June 24, 2022

Spice up your life as a startup people manager

As a people manager you need to constantly prioritise and focus, and for the executive team at Dance that relies on asking "The Spice Girls question"

Julia Carloff-Winkelmann, chief people officer at Dance

If you’ve made it through the past two-and-a-half years as a people manager at a startup, give yourself a pat on the back. 

There’s constantly been new challenges — first, grappling with supporting teams remotely during Covid, and now managing hybrid setups as some staff return to the office. Most recently, managers are being tested by cautious investors and the possibility of a difficult fundraising environment ahead. 

So how can managers better prepare themselves and support their teams through times of change? From my experience, there are five key aspects that a people manager needs to bring to the table.


A people manager needs to understand and communicate the organisation’s vision

As a people manager it is your job to speak on behalf of the company. You need to understand and own the vision, mission and strategy. You need to see yourself as the employer, not the employee. It is crucial to stay informed and actively attend all forums relevant to your job by regularly checking all relevant communication channels, like Slack, and keeping your team informed. You can’t help your team understand key organisational decisions during times of change if you yourself aren’t on top of what’s going on. 

Delegation and enabling your team are your main job

As a people manager, you will have to deliver results through your team. Therefore, delegation and enabling your team are your main jobs. In times of change, delegation means being agile and staying even closer to your team. There will be more iterations, and more openness to feedback in both directions is necessary — from team to people manager and back.

👉 Read: How to find the right chief of staff

In order to enable, you need to support. And support is as individual as your team members are. Some of them prefer to brainstorm with you, others want to present results and get feedback. To get to that individual level of support, ask your team members the right questions: “What do you expect from me?” “How should I best approach you?” This includes managing people out when they don’t perform well.

Be fair, transparent and act fast when someone isn’t the right fit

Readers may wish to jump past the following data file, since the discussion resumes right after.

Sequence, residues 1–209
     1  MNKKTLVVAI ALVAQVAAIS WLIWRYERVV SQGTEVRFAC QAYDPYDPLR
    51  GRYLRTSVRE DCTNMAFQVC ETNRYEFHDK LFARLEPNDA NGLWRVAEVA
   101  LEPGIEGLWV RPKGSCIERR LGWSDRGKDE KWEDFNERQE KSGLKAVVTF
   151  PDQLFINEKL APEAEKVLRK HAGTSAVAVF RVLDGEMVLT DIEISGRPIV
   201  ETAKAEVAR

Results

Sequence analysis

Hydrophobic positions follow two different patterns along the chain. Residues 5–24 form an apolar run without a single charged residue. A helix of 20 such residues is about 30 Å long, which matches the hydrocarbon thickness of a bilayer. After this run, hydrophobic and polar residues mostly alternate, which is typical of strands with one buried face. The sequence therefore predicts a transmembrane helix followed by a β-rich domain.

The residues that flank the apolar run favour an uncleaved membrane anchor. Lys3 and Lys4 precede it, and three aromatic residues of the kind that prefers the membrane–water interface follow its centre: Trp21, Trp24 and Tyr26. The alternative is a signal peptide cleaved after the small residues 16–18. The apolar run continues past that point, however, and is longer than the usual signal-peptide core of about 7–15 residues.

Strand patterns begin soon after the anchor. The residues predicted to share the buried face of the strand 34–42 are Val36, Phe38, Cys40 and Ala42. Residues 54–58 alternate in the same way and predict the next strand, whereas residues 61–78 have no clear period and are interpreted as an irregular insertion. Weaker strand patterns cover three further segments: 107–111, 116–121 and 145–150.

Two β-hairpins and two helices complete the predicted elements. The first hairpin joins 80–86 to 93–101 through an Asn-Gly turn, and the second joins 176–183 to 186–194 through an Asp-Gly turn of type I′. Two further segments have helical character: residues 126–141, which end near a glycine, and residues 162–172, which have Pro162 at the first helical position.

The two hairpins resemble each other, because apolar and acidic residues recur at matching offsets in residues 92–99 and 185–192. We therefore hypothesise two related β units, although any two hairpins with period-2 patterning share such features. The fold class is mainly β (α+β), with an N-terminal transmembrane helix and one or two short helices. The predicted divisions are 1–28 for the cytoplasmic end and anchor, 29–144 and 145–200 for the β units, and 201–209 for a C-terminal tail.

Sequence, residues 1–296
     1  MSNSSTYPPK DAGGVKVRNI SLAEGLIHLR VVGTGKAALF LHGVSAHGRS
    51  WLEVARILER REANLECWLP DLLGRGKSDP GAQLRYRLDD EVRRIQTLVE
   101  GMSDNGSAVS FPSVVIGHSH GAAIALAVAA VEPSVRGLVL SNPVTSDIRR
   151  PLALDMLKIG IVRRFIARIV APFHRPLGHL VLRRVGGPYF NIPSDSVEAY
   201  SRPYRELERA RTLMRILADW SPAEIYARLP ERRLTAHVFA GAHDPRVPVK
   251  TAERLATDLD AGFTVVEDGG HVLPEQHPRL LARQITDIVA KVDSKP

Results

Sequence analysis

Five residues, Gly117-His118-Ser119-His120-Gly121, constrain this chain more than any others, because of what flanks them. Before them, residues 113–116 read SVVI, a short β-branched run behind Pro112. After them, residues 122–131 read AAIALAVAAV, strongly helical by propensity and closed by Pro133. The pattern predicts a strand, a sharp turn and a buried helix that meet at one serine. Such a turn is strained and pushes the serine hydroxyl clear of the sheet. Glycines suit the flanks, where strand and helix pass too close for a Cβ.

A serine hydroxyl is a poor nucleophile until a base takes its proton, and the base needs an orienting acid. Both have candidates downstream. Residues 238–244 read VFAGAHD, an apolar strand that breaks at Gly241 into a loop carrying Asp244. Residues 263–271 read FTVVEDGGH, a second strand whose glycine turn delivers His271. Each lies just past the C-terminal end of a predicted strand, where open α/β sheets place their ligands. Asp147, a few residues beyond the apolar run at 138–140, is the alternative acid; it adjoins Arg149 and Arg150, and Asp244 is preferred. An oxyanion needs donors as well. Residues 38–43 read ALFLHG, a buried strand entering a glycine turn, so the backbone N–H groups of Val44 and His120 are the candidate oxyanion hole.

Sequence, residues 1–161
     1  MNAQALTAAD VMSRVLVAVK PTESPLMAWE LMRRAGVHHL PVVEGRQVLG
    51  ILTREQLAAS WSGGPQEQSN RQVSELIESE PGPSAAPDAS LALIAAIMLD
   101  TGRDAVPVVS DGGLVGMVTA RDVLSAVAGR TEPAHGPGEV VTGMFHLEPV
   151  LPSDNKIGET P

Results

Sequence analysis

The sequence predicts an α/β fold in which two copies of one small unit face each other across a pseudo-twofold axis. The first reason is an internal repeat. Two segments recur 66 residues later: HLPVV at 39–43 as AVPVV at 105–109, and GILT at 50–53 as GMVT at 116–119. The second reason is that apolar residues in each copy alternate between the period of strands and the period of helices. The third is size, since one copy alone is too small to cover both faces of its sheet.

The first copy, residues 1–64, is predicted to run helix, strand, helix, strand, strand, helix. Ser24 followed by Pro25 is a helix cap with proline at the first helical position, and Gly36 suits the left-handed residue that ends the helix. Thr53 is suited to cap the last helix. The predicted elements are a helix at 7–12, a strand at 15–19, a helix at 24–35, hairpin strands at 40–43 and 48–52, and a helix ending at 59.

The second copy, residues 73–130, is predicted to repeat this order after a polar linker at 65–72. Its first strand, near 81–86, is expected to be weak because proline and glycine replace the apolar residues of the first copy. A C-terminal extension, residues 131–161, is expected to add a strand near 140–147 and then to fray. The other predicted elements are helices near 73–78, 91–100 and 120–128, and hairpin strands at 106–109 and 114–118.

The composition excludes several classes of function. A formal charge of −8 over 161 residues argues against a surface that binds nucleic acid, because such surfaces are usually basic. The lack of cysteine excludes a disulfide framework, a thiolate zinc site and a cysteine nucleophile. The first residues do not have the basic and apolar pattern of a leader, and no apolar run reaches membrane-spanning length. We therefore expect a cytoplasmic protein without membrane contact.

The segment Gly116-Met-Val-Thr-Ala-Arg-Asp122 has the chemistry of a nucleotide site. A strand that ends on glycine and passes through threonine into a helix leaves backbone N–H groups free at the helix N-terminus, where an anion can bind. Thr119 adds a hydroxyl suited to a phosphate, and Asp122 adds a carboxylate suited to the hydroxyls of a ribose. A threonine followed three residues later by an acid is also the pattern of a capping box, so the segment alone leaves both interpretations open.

If someone is not the right fit, you need to part ways. I personally don’t believe in performance improvement programs. In my experience you can bring performance just a little back on track but not sustainably. Instead, I recommend making fast clear cuts. If performance is low, your team member is either not in the right role or not in the right company. And that is fine. But you need to do something about it, because everyone involved in the process suffers. Be very fair, transparent and act fast.

“Find a solution” mentality

Your job as a people manager in a startup is to enjoy constant problem solving. And these days, people managers have to solve more problems than usual. If you’re agile and focused on finding solutions, challenges will seem like adventures to you and not, well, challenges.

👉 Read: Startup managers: the good, the bad and the ugly

Solving problems requires — even more importantly — to constantly prioritise and focus.  As an executive team, we get to that focus with what we call “The Spice Girls question”: Tell me what you want, what you really really want? Quarterly OKRs also give focus and transparency to goals. 

As a people manager, be human & take care of yourself

Though your team might be facing challenges, remember to take your own well-being into consideration. Be open about your personal struggles and know that it is absolutely okay to show vulnerability. You don’t need to pretend to have all the answers — quite the contrary. Lead by example and reach out to others for support. This is something I can strongly recommend in good and tough times: seek support from your peers or current or former managers. Talk to other managers in your network and find out how they are coping. 

Truly great managers possess both compassion and empathy in spades — whether they come by that naturally or develop these skills. Those capabilities are essential during difficult times like these. And despite the uncertainty, you can give employees the certainty that they can always expect transparency, support and care from you as a manager. 

Julia Carloff-Winkelmann is chief people officer at Dance.